Although staining techniques, such as the Gram Stain Method, are known in clinical microbiology light microscopy is required, and the procedures are time consuming and require a skilled microbiologist. Other prior art processes involve staining of bacteria followed by concentration by centrifugation or filtration. These processes require chelating agents and positively-charged small pore filters, and suffer clogging and interference from anionic pigments, blood and other substances which may be present in urine.
It has now been unexpectedly discovered that both gram negative and gram positive bacteria can be stained for simple, rapid detection by means of the composition of the present invention. Concentrated bacteria stained with the composition described herein are readily visible and can thus be rapidly detected without resorting to light microscopic examination by specially trained personnel, or the use of expensive, perishable agar cultures. The present invention allows the efficient detection of bacteria while reducing clogging and pigment interference common to prior art methods. Furthermore, it was discovered through tests that inexpensive, simple, and rapid quantitative analysis of bacteria is possible employing the present staining composition.
A composition for staining both gram negative and gram positive bacteria is provided. The composition comprises an inorganic acid diluent, a dye soluble at a pH of 8 to 12 which preferentially stains bacteria, a washing reagent composed of an inorganic acid, and a filter paper or glass filter of a net negative charge. Bacteria are electrostatically immobilized and concentrated on the filter and are stained with the dye solution. The free dye is then removed with the washing reagent. The bacteria, which retain the dye, become visible and thus may be detected and quantitated by comparing the color intensity of the filter surface (due to the stained bacteria) to a nomograph or other calibrated standard based on color intensities obtained using known amounts of bacteria. The total test time is usually less than one minute.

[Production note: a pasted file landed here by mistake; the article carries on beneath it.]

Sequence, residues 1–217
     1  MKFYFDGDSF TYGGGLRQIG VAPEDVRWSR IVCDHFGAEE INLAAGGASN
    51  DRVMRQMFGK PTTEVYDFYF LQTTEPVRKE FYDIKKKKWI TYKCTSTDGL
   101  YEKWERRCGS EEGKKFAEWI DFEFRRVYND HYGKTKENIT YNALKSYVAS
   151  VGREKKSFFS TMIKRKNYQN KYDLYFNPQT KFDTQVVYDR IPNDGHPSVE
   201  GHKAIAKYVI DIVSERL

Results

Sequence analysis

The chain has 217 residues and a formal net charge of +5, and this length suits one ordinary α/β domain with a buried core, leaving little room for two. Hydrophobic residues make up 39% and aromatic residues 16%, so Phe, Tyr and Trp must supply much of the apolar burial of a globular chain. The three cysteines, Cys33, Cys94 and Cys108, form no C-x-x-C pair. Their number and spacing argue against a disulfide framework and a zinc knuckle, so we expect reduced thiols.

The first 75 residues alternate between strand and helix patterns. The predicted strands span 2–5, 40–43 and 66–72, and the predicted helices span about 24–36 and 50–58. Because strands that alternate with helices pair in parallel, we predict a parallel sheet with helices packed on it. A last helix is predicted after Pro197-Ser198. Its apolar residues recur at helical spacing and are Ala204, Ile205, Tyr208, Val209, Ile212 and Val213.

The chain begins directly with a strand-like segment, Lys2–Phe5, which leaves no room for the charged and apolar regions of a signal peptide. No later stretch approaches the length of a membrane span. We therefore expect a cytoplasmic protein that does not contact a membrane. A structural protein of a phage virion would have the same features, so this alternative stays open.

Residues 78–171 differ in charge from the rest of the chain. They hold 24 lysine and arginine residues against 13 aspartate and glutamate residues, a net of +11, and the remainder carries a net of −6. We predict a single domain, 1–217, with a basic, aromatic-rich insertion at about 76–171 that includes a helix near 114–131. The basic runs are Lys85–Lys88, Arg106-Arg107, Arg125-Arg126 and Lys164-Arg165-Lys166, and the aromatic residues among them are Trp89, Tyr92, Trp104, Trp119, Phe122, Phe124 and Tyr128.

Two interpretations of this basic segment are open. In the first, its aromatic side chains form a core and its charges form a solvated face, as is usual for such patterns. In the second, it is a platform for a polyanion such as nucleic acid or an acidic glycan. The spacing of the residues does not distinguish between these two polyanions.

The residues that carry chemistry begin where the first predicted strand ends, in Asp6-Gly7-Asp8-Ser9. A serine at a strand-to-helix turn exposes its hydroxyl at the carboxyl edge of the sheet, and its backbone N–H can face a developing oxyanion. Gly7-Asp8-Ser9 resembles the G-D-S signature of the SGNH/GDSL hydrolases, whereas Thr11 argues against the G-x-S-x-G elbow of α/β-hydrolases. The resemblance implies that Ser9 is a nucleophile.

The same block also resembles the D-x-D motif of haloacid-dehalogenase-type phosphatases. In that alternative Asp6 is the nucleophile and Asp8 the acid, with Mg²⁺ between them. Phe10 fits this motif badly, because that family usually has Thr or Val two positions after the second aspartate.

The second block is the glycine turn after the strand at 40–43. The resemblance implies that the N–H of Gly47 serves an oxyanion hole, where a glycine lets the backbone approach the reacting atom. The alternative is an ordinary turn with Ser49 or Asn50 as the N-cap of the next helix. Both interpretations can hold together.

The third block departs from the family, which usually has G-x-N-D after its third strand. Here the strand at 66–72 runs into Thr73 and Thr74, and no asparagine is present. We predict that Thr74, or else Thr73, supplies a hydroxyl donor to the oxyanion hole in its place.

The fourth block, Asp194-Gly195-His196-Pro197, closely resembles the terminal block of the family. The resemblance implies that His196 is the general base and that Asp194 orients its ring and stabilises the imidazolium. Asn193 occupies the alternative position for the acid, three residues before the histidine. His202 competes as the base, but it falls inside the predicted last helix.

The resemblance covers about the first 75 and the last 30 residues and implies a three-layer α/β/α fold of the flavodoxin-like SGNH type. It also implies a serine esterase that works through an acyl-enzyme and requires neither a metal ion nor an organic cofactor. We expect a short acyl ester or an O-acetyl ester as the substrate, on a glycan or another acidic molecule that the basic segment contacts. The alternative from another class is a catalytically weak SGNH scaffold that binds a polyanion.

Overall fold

It is therefore a primary feature of the present invention to provide a nove- method and apparatus for rapid detection and quantitation of bacteria to thus enable rapid initiation of treatment of patients for bacterial infections.
It is also a feature of this invention to provide novel method and apparatus for bacteria detection wherein a number of tests may be conducted simultaneously for detection and quantitation of bacteria to thus minimize the time period for detection of bacteria that might be present in samples of body fluid.
It is another feature of this invention to provide novel method and apparatus for identifying the presence and concentrations of both gram negative and gram positive bacteria strains in fluid samples.
Among the several features of this invention is contemplated the provision of a novel method and apparatus for bacteria detection through employment of a dye for staining of the bacteria together with a filter composed of paper, glass, or any other suitable material having a net negative charge for electrostatically immobilizing and conoentrating the bacteria on the filter prior to staining.
It is another feature of this invention to provide a novel method and apparatus for quantifying the concentration of bacteria in a fluid sample by means of visible comparison of the color intensity of stained bacteria on the filter surface with a nomograph or other calibrated standard based on color intensities obtained using known concentrations of bacteria.
So that the manner in which the above recited features, advantages and objects of the present invention are attained and can be understood in detail, more particular description of the invention, briefly summarized above, may be had by reference to the embodiments thereof which are illustrated in the appended drawings.